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College Students Living Sustainably

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Leadership & Transparency
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By Blair Libby

In the neighborhoods surrounding colleges and universities, a growing number of houses are dedicating themselves to environmentally-conscious and sustainable living. At CITRUS (Community Initiative To Restore Urban Sustainability) House, students from Santa Clara University are practicing a cooperative and eco-friendly lifestyle.

CITRUS House began in 2005, when “House Mama” Lauren McCutcheon (class of ‘03) and her roommates decided to create a community hub for sustainable living. Under the mantra of “think globally, act locally," CITRUS residents began to invite neighbors and students to documentary showings, potluck dinners, gardening parties and, on occasion, spontaneous jam sessions. The founders’ vision was to go outside of the college cocoon and seek human engagement -- the most powerful element of a low-impact, community-building lifestyle. Sharing, contributing and celebrating are the key aspects of life at CITRUS.

In the spirit of collaboration, CITRUS has most recently worked with SCU’s Food and Agribusiness Institute to host workshops on sustainability in the kitchen, as well as organic gardening and composting. The home is also a frequent host for LOCALS (Living Off Campus and Living Sustainability) and BLEJIT (Bronco Leaders for Environmental Justice Investigating Truth). Situated in an urban area, CITRUS helps demonstrate to students that no matter where you end up, it’s possible to live with reverence for the planet by living intentionally and respectfully. Some of that urban sustainability is realized in the San Jose Bike Party. Every third Friday, a group of nearly 30 students meet at CITRUS to bike to downtown San Jose, California, where they join up with the thousands of other community cyclists taking part in the ride.

In addition to growing backyard tomatoes, leafy greens, peppers, herbs and fruit trees, living in CITRUS means making a commitment to cultivate sustainable eating habits. The kitchen is stocked first from the garden, then from the local farmer’s market to buy what’s in season. When residents include animal-derived foods, they try to obtain them from farmers and ranchers who are certified humane, organic and the like. Therefore, practicing vegetarianism or veganism becomes habitual for most tenants. “Eating and shopping at farmers’ markets changed my diet dramatically," said current resident Jordan Webster (class of ‘16). "I went from eating meat daily to a mostly vegetarian diet.” And all those red plastic cups? They’re washed and reused too.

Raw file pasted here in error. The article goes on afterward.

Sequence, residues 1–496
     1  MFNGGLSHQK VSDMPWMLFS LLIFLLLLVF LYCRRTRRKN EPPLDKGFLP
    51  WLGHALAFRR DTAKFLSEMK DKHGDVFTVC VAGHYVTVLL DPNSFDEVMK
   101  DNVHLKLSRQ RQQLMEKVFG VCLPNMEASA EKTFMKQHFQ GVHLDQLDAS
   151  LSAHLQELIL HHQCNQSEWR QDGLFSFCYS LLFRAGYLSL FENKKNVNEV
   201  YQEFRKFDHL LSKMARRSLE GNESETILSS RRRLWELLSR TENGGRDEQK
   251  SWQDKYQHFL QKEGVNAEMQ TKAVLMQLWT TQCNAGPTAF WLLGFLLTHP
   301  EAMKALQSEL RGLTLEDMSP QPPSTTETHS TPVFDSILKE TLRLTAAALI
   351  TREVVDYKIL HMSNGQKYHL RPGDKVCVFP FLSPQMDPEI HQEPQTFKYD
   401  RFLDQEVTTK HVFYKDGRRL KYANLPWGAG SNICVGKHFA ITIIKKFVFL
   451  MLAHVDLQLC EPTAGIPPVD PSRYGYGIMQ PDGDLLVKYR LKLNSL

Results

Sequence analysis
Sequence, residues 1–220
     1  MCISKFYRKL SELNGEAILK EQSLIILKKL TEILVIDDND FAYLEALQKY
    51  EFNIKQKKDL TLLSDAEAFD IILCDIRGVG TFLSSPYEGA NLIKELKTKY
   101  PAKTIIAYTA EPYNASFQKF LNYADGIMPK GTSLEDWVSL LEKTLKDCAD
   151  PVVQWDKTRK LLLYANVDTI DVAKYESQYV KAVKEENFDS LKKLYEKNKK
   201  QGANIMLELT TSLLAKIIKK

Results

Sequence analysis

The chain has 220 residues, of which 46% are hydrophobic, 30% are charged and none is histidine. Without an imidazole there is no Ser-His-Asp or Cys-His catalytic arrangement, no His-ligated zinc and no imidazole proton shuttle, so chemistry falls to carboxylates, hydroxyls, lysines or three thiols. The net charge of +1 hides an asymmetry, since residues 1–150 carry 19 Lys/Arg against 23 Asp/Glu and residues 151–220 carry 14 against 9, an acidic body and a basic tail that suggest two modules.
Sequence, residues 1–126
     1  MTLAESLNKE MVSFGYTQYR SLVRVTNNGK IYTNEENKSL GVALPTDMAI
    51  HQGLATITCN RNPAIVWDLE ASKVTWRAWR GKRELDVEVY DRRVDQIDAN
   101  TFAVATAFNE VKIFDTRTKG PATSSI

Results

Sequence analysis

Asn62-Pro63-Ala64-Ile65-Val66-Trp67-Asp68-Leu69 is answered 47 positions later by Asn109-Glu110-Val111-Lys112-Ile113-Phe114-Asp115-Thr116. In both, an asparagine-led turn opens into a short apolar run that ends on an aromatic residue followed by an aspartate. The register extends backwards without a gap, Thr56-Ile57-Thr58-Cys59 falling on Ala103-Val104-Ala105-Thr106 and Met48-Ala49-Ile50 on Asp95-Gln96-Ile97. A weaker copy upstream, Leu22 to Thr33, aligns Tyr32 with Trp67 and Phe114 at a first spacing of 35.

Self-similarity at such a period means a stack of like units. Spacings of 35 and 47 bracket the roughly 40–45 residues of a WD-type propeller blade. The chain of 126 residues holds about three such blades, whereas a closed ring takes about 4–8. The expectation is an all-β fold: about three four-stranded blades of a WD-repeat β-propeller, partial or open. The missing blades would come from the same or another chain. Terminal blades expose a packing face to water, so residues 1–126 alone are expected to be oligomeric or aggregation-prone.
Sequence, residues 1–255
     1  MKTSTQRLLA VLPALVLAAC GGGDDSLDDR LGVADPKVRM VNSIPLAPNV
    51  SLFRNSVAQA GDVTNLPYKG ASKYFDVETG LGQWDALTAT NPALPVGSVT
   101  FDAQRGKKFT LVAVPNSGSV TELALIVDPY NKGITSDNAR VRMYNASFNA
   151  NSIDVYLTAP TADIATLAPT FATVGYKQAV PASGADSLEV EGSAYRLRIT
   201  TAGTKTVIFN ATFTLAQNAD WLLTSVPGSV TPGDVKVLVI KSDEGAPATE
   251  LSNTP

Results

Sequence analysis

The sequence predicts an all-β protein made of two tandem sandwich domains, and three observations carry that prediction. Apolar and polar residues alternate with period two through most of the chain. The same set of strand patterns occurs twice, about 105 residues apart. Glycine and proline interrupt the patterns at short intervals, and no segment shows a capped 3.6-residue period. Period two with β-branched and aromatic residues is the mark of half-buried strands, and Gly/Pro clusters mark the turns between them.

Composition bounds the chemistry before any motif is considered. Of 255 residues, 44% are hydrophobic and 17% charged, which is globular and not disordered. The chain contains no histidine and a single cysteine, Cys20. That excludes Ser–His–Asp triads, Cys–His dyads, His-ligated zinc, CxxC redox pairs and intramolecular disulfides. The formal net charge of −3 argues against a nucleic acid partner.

Besides food, taking shorter showers, air-drying clothes, and using green cleaning products or natural alternatives are crucial to a sustainable community. As students come and go every four years, they leave behind furniture, dishes and other household tools, some of which can be inherited and shared between generations of residents. Whatever is discarded is picked up and offered to incoming students and neighbors around Santa Clara.

CITRUS’ vision is that it continues to be a "training ground" for sustainable living in the urban environment. The students who live and visit there have an opportunity to educate, share, and experience a culture that’s often missing from college students’ lives. In inspiring others, CITRUS acts as a seed for lifestyles that tread more lightly on a beautiful planet.

Image credit: Santa Clara University 

Blair Libby is a senior at Santa Clara University, studying Environmental Science and living in CITRUS House.

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